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Transit tips for the cold

Posted by: Tim Harlow under On the road Updated: December 11, 2013 - 1:03 PM

It was just a couple months ago that I was sharing tips on how to get around in the sultry 90-degree heat that has its grip the on the metro area for the better part of a week. Now we have the other extreme: bitter bone-chilling cold.

Another arctic blast has hit Minnesota and the polar-like conditions won't abate any time soon. Temperatures are expected to fall below zero today. Some moderation might begin by Thursday, but the cold is poised to make another return Sunday.

Whether by automobile, mass transit, biking or walking, here are some tips for getting around, staying warm and staying safe as we endure some of the coldest weather of the year.

BY VEHICLE

When temperatures with a minus sign in front of them arrive as they have today, AAA Minnesota says its gets many calls for service. The auto club said it had 476 calls by 8 a.m. Wednesday, double the normal average of 230 on a typical day.

Auto repair shops such as Firestone Auto and Tire Center in Bloomington have seen an uptick in business this week. The most common problems are dead batteries or those with low power, leaking antifreeze, malfunctioning windshield wipers and tires that are not gripping, said store manager David Bodin-Huber.

Motorist should have done preventative maintenance before winter, he said, but short of that Bodin-Huber and AAA have these tips  ton the road and not having to call for help:

  • Keep the gas tank at least half full. That will minimize condensation buildup that can lead to a gas line freeze up.
  • Use the tires recommended by your vehicle's manufacturer for the best snow traction and make sure the tires are inflated to the proper levels.
  • Get the battery tested and make sure the charging system is working. Mechanics also recommend getting your battery tested if it is more than three years old.
  • Use coolant that provides anti-freeze protection down to the lowest temperature you are likely to encounter. Here in Minnesota that's very low.
  • Visibility is key in winter. Replace broken windows and worn windshield wipers

An emergency kit is vital. Be sure to have a flashlight, jumper cables, flares, basic tools, water and non-perishable food items. A fully-charged cell phone would be a good idea, too.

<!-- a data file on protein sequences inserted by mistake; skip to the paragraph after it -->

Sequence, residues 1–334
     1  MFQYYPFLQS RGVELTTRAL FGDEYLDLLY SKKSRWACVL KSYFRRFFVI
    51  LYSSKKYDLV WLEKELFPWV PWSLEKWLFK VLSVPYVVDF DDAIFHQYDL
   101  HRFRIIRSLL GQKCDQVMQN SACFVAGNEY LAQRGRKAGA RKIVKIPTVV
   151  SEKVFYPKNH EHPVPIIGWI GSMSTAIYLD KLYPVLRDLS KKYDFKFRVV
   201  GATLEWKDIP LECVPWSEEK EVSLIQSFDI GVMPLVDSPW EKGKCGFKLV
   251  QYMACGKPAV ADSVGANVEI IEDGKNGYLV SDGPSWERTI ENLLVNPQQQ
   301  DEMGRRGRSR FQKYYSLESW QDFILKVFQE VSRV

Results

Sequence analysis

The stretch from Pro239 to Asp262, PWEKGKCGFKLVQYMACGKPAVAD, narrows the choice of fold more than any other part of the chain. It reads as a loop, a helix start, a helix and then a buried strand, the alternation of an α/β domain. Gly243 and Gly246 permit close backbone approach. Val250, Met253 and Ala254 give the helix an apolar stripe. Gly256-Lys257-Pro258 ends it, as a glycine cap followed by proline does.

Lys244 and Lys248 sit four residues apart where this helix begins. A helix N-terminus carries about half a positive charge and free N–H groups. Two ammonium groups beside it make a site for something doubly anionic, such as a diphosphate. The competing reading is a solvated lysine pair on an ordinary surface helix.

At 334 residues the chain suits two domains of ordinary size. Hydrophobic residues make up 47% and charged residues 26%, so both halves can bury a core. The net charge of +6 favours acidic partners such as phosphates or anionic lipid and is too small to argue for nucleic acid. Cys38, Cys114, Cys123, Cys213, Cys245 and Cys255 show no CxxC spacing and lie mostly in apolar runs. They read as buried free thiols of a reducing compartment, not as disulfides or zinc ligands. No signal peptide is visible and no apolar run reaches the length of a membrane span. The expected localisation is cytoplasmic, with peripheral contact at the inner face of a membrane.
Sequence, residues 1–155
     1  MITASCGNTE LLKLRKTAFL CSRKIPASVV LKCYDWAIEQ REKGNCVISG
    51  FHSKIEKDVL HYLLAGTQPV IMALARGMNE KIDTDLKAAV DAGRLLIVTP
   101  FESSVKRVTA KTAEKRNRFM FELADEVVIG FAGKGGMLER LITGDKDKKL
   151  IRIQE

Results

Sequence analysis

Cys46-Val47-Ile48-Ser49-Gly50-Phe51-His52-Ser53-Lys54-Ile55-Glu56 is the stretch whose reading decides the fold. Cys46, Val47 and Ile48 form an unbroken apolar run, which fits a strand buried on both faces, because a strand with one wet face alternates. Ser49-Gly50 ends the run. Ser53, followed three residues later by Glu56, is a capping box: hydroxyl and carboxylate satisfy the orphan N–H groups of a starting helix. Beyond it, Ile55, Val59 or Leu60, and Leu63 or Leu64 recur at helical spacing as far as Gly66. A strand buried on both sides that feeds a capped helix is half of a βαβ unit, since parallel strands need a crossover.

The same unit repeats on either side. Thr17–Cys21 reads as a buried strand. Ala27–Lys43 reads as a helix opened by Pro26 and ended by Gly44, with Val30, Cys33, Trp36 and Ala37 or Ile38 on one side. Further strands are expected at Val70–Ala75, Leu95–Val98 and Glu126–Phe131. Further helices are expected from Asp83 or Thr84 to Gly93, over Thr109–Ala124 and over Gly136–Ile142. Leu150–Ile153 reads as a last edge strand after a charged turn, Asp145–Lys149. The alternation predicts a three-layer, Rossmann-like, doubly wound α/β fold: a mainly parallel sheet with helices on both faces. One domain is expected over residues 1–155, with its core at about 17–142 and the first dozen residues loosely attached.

MASS TRANSIT

Windchill can bring on frostbite in few as 10 minutes according to the National Weather Service, so here are tips for those waiting outside for buses and trains:

  • Limit your wait time. Use NexTrip to find departure times and limit the time standing at a train or bus stop. NexTrip is offers schedules for Metro Transit, Plymouth Metrolink, Maple Grove Transit and Southwest Transit routes.
  • Take advantage of heaters and shelters that are available at busy park-and-ride lots, rail platforms and transit centers.
  • Dress in layers to comfortably withstand low temperatures
  • Wear snow boots or foot ware that can grip the surface. Rail platforms and floors on trains and buses can become slippery from snow and water
  • Wear reflective clothing to help bus drivers spot you, especially in the early mornings before sunrise and evenings after sun set
  • If a bus stop has not been cleared of snow, stand in the safest place possible. Buses will not stop at places deemed unsafe.
  • Wait for your bus on the sidewalk away from the curb and make sure it stops before approaching it
  • Never cross in front of a bus unless it is stopped at a traffic light. Don't run after or along side of a bus or train. Play it safe and wait for the next one.
  • Consider traveling early in the morning or later in the evening when buses and trains are less crowded.

BY BICYCLE

Our friends at Bike Walk Twin Cities have these suggestions for those who move about on two wheels"

  • Ride on bare pavement or non-compacted snow when possible. Bicyclists are allowed to use the general traffic lanes, which may be necessary if bike lanes have not been cleared.
  • Take curves and turns slower than normal and allow longer distances for stopping and braking.
  • Follow traffic laws
  • Stay visible by wearing headlights, taillights and wearing reflective clothing
  • Dress in layers. You should feel chilly when you start. If you are warm then, you will likely be boiling as you get into your ride.  Be ready to shed layers when necessary.
  • But be sure to cover all extremities, including hands, neck and feet. Goggles are recommended to protect from grime and dirt that might fly into your eyes.

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